President Obama, Sen. Dianne Feinstein, and other Democrats may condemn the harsh interrogation of terrorist fighters that ended 10 years ago, and which three previous directors of the CIA (and the current one, John Brennan) say yielded valuable information that saved thousands of lives and led to the execution of Osama bin Laden. However, they appear to have no problem with using drones to kill 4,000 people who certainly won't be able to give us information under any kind of interrogation. And at least 500 of these deaths are of innocent civilians, including women and children.

|Nick O'Dell, Phoenixville,


Even prone, school president an ally to police

When University of Pennsylvania president Amy Gutmann welcomed students to her home to enjoy a holiday party, about 50 guests used the occasion as a protest - lying on the ground as a staged die-in. As someone committed to equality, Gutmann spontaneously demonstrated solidarity with the issue, but not as a commentary on law enforcement ("Penn president should have stood up," Dec. 15).

In tense situations, we are forced to make instant decisions, and we hope that our supporters will not make assumptions about the positive intent of this act. I have led the Penn police department for 18 years, and in her 10 years as Penn president, Gutmann has dedicated financial resources and moral support to ensuring the campus police department is a model agency, and she supports each and every member of the department and those officers in the city and state who serve and protect our community.

|Maureen S. Rush, vice president for public safety, University of Pennsylvania, Philadephia

Time and place: the lesson missed

As a University of Pennsylvania alumnus who participated in antiwar activities, I recognize the value of free speech and protest. However, I have also learned to balance that with the understanding that there is an appropriate time and place for everything. I fear that in her snap decision to appear politically correct, Penn president Amy Gutmann missed the opportunity to teach that valuable lesson.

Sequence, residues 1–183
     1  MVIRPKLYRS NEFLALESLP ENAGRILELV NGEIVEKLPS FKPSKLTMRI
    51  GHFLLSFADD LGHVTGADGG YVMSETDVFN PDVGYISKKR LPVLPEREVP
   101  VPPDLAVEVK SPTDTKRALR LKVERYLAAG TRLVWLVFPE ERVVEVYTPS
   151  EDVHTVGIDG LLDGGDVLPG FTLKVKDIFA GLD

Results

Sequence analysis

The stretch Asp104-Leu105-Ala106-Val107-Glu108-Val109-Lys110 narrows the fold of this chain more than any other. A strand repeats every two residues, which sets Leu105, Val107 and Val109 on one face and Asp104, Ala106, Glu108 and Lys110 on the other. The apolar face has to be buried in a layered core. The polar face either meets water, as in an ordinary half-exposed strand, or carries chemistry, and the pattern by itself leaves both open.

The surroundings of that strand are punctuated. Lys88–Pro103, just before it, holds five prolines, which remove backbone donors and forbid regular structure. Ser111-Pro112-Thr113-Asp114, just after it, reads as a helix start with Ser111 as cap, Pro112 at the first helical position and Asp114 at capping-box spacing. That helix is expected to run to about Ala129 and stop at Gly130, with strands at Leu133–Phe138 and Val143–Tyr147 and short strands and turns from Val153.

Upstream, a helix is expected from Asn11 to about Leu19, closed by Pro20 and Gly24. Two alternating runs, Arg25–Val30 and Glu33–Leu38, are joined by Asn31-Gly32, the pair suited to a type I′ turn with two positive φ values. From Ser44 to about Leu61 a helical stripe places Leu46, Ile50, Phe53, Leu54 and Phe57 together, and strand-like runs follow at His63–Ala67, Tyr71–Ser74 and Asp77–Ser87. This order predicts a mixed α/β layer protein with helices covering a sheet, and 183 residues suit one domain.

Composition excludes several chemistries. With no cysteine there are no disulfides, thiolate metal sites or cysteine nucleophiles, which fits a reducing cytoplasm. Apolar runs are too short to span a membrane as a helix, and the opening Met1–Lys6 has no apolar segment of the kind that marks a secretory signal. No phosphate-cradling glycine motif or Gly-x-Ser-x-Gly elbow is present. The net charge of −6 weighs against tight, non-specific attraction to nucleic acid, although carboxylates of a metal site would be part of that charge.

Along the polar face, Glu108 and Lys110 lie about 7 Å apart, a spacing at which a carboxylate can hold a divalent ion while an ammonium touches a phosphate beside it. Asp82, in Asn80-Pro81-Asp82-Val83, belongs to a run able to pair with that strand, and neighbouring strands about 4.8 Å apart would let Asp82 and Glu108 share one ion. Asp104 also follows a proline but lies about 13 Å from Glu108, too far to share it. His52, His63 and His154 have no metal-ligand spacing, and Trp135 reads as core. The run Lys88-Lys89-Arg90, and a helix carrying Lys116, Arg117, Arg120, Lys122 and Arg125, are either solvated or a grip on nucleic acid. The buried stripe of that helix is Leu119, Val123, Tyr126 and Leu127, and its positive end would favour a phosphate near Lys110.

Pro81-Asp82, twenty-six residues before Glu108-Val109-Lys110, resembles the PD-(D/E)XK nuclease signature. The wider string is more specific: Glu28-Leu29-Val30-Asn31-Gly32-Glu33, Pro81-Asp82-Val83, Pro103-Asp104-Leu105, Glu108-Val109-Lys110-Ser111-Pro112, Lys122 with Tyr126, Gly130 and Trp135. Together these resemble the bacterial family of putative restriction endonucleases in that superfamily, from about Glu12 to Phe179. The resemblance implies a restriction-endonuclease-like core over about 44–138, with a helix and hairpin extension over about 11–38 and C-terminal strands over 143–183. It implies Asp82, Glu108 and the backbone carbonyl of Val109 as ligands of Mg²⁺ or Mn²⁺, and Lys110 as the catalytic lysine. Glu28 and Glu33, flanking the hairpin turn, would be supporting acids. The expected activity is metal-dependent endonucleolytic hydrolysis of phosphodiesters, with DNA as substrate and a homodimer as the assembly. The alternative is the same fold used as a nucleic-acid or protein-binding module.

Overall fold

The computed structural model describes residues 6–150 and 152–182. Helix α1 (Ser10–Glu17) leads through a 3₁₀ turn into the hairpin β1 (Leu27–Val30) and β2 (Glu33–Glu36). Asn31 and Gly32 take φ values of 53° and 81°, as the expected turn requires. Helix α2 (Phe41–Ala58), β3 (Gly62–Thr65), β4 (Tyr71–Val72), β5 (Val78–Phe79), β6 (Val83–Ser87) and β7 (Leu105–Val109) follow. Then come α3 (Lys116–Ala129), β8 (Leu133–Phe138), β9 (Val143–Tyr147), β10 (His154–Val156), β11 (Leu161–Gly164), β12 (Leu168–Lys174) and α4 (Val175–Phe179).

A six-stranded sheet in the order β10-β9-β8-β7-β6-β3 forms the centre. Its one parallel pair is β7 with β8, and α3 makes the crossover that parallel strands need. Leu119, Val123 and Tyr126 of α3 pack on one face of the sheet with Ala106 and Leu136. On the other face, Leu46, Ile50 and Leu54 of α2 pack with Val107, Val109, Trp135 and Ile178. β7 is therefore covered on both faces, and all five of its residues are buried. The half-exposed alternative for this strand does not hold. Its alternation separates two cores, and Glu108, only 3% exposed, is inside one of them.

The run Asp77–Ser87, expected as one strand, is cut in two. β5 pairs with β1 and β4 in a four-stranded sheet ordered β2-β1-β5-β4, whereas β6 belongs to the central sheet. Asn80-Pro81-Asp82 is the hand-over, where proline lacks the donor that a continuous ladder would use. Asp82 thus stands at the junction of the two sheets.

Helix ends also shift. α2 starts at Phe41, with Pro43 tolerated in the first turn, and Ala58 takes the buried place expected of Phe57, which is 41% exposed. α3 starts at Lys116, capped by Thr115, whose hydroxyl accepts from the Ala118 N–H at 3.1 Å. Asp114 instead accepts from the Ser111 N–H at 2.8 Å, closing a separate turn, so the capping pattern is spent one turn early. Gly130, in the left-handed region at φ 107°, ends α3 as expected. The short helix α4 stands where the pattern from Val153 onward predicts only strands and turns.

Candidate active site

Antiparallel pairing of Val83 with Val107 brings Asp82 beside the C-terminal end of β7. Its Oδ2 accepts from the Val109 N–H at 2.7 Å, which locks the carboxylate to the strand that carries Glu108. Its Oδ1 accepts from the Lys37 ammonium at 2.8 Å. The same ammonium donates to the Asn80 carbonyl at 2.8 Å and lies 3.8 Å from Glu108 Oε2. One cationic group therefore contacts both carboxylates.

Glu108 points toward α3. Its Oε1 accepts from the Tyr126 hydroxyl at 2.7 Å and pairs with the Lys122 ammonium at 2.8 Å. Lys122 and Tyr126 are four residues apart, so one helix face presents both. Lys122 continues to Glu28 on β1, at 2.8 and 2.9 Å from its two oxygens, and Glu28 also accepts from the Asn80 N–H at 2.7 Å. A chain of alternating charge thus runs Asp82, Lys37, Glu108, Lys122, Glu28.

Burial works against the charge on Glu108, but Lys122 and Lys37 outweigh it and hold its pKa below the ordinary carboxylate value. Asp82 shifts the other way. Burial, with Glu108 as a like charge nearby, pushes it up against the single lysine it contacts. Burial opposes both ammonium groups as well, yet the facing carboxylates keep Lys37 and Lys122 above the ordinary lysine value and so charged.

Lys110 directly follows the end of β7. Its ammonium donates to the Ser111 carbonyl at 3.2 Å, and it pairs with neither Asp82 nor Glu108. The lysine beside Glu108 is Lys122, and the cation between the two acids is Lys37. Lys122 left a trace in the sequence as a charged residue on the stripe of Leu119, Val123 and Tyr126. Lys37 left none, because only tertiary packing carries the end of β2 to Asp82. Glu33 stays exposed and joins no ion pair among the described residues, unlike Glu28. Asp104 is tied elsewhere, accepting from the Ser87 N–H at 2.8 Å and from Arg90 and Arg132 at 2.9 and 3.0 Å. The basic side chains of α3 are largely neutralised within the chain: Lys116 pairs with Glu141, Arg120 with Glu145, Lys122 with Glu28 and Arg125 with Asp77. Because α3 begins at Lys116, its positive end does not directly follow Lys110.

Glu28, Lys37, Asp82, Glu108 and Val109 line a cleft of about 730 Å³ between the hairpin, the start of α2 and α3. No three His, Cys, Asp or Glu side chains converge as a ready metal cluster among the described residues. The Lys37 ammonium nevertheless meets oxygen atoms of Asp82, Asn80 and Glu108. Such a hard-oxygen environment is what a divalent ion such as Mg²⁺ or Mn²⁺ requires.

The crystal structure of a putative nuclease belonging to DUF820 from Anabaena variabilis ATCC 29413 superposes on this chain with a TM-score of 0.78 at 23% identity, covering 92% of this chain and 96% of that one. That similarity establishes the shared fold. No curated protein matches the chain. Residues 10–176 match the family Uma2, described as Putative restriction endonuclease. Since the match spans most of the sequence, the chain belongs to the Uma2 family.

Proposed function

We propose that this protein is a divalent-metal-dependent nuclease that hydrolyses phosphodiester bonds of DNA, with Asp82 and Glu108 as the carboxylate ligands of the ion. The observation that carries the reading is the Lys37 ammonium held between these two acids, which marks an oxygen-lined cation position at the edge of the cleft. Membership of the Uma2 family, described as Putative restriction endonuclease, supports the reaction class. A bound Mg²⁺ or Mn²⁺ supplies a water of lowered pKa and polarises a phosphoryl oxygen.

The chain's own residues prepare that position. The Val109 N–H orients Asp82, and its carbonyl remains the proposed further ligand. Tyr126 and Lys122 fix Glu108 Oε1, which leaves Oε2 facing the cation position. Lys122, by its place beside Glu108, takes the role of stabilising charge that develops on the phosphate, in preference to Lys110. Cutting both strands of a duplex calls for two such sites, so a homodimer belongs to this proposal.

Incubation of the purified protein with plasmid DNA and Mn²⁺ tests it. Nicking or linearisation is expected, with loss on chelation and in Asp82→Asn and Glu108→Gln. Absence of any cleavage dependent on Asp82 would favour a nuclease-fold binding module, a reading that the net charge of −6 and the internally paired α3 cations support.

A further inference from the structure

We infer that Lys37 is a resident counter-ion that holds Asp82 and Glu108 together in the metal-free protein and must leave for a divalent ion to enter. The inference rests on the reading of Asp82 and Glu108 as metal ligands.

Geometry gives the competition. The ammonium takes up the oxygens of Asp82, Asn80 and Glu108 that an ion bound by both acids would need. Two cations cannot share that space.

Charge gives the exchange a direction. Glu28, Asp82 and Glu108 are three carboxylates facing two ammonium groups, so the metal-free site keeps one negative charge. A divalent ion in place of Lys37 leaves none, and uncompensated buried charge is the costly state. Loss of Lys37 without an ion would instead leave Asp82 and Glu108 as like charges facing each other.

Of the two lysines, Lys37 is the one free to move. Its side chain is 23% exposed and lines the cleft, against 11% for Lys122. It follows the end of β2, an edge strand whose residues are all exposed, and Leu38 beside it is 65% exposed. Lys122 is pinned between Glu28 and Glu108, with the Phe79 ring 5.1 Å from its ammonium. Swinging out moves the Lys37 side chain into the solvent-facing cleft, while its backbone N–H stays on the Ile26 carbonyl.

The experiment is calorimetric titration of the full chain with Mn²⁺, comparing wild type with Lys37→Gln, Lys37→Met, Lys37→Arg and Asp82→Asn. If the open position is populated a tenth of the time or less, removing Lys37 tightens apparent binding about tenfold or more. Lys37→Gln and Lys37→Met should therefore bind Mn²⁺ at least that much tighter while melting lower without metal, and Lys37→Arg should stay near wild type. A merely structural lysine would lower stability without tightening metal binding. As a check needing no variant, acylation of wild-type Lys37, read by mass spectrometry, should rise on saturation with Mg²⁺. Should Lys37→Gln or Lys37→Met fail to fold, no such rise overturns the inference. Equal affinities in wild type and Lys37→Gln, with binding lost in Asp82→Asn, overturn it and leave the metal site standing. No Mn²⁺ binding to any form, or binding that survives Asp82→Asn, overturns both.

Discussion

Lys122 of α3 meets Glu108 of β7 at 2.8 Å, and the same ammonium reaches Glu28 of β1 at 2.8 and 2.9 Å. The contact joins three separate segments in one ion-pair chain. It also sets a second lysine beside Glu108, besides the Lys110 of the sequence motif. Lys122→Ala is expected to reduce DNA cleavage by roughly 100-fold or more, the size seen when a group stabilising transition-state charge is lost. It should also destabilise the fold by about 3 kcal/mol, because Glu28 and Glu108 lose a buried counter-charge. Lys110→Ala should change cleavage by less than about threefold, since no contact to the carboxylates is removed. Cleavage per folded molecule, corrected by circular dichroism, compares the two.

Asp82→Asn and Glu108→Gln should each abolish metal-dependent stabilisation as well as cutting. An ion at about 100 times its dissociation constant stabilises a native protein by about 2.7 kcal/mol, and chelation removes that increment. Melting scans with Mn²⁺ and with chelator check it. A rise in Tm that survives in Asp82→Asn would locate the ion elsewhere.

|Howard Levine, Voorhees


Better use of police resources for safer roads

With regard to getting dangerous drivers off the streets, the Police Department needs to stop making excuses and start enforcing the law by making changes to better utilize its personnel and our tax dollars ("Chaos on the street," Dec. 14).

First, the department needs to reduce the excessive number of special units and reassign these officers to routine patrol and traffic enforcement. Second, there needs to be specific performance metrics for traffic division officers, whom I've regularly observed sitting in their vans doing nothing for hours on end. Third, we need to put a stop to the excessive spending by Mayor Nutter on junkets and ego trips around the country, and reallocate those resources to the police for more enforcement and police officers.

It's time to show hardworking taxpayers some respect by maintaining an atmosphere of law and order.

|Nikola Sizgorich, Philadelphia

See an insurance agent before you fill up

We insist on proof of identity to purchase alchohol, and tobacco procurement requires an ID. Why should gasoline be sold without verifying insurance (Chaos on the street," Dec. 14)? The database exists, and running a gasoline purchase against a central file of current license tags with associated insurance coverage should not prove to be a great burden. That way, we could make it difficult for unlicensed or uninsured drivers to stay on the road.

|Richard G. Smith, Lansdale